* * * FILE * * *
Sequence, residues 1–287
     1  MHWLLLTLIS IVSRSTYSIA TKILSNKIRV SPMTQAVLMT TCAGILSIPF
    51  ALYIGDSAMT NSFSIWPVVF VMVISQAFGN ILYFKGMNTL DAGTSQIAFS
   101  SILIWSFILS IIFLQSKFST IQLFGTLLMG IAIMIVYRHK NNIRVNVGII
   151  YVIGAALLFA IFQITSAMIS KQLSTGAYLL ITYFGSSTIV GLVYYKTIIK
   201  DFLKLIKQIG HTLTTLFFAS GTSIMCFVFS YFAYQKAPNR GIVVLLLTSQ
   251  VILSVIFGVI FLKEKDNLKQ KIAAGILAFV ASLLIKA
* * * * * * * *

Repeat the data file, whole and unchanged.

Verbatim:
Sequence, residues 1–287
     1  MHWLLLTLIS IVSRSTYSIA TKILSNKIRV SPMTQAVLMT TCAGILSIPF
    51  ALYIGDSAMT NSFSIWPVVF VMVISQAFGN ILYFKGMNTL DAGTSQIAFS
   101  SILIWSFILS IIFLQSKFST IQLFGTLLMG IAIMIVYRHK NNIRVNVGII
   151  YVIGAALLFA IFQITSAMIS KQLSTGAYLL ITYFGSSTIV GLVYYKTIIK
   201  DFLKLIKQIG HTLTTLFFAS GTSIMCFVFS YFAYQKAPNR GIVVLLLTSQ
   251  VILSVIFGVI FLKEKDNLKQ KIAAGILAFV ASLLIKA